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This is the story of the journey through the "breast cancer
experience" of one woman, Sandra Lovegrove, as put together by me, her
husband Roger. It is told principally through her poetry, written under the
pseudonym "JPoet", and emails as written at the time. It is not a
happy tale, but it is a truthful tale.
Sandra's view was that is too easy to write about the cancer experience in a
very positive way, full of reassurance and platitudes. Indeed, there seems to
be a philosophy in some quarters that this is the only way to write, and that
to describe the situation in any other way is to be avoided as being too
dispiriting. But this can make patients feel isolated and exceptional because
their experiences and feelings do not match what they are reading or hearing.
It can also mislead non-sufferers, especially carers and family, into not fully
understanding what having cancer can be like; what it feels like, not just
physically but also emotionally.
The sense of frustration caused by this lack of reality and overindulgence
in platitudes is neatly summed up by two messages posted on one of the breast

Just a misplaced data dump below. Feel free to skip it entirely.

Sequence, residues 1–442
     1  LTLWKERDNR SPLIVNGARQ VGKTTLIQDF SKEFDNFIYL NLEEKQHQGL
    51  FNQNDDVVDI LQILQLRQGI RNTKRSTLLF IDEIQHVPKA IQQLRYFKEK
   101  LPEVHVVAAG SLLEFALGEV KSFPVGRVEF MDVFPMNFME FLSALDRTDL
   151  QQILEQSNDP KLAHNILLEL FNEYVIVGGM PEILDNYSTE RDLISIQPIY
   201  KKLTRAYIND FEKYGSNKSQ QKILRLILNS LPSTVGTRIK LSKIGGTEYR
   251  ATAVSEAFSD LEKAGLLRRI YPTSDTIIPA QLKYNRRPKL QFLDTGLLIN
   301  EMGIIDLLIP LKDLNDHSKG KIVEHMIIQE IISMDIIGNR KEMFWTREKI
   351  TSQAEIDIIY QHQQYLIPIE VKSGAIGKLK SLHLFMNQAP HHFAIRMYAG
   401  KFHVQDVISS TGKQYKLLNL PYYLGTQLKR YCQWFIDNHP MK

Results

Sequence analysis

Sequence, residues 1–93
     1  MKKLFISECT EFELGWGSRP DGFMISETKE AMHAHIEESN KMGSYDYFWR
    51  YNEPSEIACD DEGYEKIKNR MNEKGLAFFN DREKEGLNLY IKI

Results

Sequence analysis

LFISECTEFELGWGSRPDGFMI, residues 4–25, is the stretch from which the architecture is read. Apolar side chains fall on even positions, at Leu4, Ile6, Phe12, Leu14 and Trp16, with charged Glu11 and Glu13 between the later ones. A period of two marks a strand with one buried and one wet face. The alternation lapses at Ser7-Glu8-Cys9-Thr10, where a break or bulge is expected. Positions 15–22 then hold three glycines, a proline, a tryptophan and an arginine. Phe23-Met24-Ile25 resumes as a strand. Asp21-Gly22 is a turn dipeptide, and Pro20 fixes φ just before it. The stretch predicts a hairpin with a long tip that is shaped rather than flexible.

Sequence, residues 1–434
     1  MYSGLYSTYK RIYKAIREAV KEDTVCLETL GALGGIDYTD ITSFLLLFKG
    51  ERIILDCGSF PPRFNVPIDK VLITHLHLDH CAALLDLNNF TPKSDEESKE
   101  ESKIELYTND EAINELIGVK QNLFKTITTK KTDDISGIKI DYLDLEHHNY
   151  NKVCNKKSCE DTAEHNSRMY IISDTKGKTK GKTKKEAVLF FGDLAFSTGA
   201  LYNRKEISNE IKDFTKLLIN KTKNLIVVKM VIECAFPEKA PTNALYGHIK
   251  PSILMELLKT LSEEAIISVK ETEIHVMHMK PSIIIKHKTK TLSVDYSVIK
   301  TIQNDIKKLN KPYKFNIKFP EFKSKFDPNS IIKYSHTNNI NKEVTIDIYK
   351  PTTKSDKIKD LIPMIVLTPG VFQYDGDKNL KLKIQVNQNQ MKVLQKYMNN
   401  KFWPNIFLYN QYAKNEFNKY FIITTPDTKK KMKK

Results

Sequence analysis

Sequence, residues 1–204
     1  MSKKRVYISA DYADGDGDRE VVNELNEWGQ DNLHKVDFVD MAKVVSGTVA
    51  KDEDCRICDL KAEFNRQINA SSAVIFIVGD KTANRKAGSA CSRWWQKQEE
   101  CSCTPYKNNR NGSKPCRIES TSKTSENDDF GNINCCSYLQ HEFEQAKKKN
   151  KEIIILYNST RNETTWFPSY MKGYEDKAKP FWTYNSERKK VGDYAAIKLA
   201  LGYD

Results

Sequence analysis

cancer forums which read:-
Do you think they will get down to the real real-life stuff such
"My chemo constipation nightmare"
"I haven't had sex for a year thanks to bc"
"If someone tells me to be positive I'll scream"
"Steroids turned me into a big fat blob"
Or are there some things that are just off limits?
I'm in the camp that finds calls to be positive, irritating at
best and potentially harmful at worst. Harmful because unthinking calls to 'be
positive', like calls to 'fight', put huge pressure on people at a time when
they have enough to deal with. I also deplore the huge industry built around
false messages of hope.
By addressing her own true feelings, Sandra's work was intended to unite
sufferers and non-sufferers into a truer understanding of what they are going
though. It is not predictive, saying this will happen to you, or
you will feel like this: no two people have the same experience.
It says that if you are feeling like this then you are not as
unusual, not as alone, as you might think by reading all the platitudes, all
those calls to be positive.
Her poetry is best viewed as being a pick 'n' mix. Perhaps none of the
things she experienced will be relevant to you; perhaps they all will be. A
more likely scenario is that some of them will be but some will not. Just pick
those poems (if any) which you can relate to at the time.